- The Lead Books of Granada by Elizabeth Drayson
The human stories behind the multilingual and multigraphic parchment, relics, and “Lead Books” (plomos) of Granada, recovered from their hiding places in two episodes between 1588 and 1599, are endlessly fascinating. Elizabeth Drayson’s new book describes in detail how the personalities and complex motives of individuals shaped the forgery, discovery, authentication, and repudiation of the plomos. Those texts and artifacts were found over the course of the decades following the second war of the Alpujarras and the expulsion of the morisco “new Christians” from Granada (1568–71). The purportedly early Christian relics and texts were intended by their creators to demonstrate an ancient Christian heritage for the recently converted city of Granada, as well as to cast aspects of the Islamic heritage of that same city (first and foremost the use of the Arabic language) as compatible and acceptable to the orthodoxy of Counter-Reformation Spain. These relics and texts were written or inscribed variously in Latin, Castilian, and a distinctive Arabic script described as Solomonic. The unique set of skills and expertise needed to create such artifacts, and the particular set of motives that would inspire a hoax geared to appeal to both Christians and Muslims, have inspired a spirited and longstanding debate among scholars as to the identity of the forgers. Drayson looks to the usual suspects, the morisco doctors Alonso del Castillo and Miguel de Luna, and gives an account of the recent scholarship about these figures. Drayson, whose previous work has focused on the legends surrounding Rodrigo, the last Visigothic king of Spain, is especially drawn to the figure of Luna, the author of the Historia Verdadera del rey don Rodrigo (Granada, 1592), itself an invented history purportedly translated by Luna from the original Arabic text of one Abu al-Qasim Tarif ibn Tariq. Luna is a tremendously engaging figure with complex personal and professional motives, as Drayson and others who have worked on him have shown. One of Drayson’s principal motives for writing the book, as she tells her readers in the preface and again throughout chapter 5, “Miguel de Luna—Hoaxer, Heretic, or Hero?” is to “bring to the fore a man who has not been regarded as a hero” (p. xiii). However, the story of Luna and his contemporaries that Drayson proceeds to tell is fascinating on its own merits and would not seem to require the invocation of a heroic ideal to justify its discussion and analysis.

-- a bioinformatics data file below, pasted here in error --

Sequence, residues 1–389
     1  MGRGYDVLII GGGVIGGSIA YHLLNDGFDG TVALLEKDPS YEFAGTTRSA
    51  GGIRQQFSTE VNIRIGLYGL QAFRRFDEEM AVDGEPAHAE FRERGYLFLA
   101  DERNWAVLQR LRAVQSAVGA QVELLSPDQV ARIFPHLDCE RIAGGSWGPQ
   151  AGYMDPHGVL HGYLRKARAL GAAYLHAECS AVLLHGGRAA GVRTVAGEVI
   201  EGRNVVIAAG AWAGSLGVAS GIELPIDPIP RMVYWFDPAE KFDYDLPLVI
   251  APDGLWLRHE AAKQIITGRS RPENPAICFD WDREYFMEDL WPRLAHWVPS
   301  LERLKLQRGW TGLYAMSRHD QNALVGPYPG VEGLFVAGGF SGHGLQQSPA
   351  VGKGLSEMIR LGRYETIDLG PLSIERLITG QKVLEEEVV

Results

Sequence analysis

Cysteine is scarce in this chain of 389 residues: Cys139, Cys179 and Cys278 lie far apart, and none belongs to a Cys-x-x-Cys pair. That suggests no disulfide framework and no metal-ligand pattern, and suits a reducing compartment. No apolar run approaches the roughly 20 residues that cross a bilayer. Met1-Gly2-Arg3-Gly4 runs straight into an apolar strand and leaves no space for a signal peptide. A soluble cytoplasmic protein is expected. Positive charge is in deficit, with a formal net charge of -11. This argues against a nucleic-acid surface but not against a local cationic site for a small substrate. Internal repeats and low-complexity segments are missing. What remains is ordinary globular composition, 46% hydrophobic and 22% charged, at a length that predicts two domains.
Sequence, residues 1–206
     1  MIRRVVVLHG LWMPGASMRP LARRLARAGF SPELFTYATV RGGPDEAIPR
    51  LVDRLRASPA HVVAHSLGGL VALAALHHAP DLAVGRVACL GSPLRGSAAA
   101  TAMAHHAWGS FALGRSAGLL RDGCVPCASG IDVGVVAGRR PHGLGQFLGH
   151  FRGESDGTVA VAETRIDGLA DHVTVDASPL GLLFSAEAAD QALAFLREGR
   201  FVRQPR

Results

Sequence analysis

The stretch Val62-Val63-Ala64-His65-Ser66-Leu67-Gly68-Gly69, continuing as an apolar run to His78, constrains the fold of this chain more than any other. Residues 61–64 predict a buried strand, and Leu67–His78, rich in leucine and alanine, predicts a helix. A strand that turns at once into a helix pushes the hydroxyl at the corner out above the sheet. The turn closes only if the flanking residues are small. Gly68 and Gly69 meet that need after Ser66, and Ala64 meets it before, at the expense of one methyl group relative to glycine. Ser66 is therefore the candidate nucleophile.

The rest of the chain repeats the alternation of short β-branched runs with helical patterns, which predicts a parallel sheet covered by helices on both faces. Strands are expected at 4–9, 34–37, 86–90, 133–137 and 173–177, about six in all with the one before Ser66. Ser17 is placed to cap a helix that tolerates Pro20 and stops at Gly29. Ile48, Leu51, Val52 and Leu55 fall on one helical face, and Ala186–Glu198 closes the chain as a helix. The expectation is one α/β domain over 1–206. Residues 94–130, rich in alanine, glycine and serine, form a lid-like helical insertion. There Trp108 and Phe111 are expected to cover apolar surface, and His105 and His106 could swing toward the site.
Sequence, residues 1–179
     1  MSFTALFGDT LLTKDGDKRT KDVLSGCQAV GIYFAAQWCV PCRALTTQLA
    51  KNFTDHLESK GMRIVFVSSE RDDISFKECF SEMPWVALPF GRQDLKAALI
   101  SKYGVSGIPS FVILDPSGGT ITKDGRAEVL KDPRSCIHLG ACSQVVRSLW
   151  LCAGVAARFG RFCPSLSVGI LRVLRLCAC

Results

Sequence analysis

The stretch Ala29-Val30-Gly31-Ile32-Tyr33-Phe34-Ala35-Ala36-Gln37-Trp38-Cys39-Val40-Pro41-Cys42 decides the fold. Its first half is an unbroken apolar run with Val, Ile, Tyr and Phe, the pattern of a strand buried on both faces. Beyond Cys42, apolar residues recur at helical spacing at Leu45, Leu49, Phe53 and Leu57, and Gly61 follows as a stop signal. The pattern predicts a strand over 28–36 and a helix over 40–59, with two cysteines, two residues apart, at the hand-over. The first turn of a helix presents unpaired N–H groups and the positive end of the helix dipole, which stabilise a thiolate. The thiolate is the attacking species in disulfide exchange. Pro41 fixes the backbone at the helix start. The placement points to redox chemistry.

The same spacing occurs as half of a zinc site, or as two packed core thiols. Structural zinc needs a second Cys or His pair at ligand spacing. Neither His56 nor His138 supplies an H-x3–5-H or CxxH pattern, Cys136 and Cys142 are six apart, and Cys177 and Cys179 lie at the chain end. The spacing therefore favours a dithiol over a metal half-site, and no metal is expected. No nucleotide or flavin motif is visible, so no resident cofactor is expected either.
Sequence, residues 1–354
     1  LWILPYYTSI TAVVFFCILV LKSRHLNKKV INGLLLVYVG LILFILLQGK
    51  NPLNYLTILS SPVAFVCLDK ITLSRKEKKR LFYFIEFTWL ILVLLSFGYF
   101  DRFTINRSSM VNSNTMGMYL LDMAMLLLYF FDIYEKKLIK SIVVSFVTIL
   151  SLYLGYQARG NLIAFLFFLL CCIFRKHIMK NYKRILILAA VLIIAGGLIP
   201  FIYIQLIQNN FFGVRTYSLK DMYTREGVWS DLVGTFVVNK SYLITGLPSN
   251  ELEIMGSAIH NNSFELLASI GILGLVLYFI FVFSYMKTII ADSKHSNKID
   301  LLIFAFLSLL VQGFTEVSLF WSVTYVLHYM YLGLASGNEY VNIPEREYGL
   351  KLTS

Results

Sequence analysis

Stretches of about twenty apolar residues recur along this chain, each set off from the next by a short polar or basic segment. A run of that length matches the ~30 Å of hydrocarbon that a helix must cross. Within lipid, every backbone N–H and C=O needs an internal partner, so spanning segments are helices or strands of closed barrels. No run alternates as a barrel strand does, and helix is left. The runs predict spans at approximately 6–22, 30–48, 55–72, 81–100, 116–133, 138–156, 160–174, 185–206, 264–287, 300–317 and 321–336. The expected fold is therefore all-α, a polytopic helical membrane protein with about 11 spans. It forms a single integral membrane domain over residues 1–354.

Drayson’s well-written book is a timely addition to a renewed scholarly interest in early-modern forgery and its role in the cultivation of new forms of critical inquiry along with the cultivation of religious and national heritage through antiquities (forged or authentic), as exemplified in the works of Katrina Olds and Katie Harris, among others. Along with her interventions in this scholarship, however, Drayson’s principal contribution, beyond synthesizing the complex matter of the plomos episodes, lies in her portrayal of the lead books in contemporary Spanish culture (chapter 10). Her discussion of the imaginative portrayals of the episodes around the lead books in Spanish popular culture since the 1990s, in fiction and in film, introduces her readers to an aspect of contemporary Spanish culture that is as [End Page 172] important as the historical episode and historiography around the Lead Books. She shows how the recent flurry of scholarship and creative work inspired by the Granadan forgeries is in its own way a glimpse into the current engagement of both the Spanish academy and the Spanish public with the same questions for which the plomos were meant to serve as a response at the end of the sixteenth century: what is the place of Islam and Islamic culture in Spanish society and Spanish history?
Those who are particularly interested in the topic will wish to read Drayson’s book in conjunction with the revised edition and English translation of Mercedes García-Arenal and Fernando Rodríguez Mediano, The...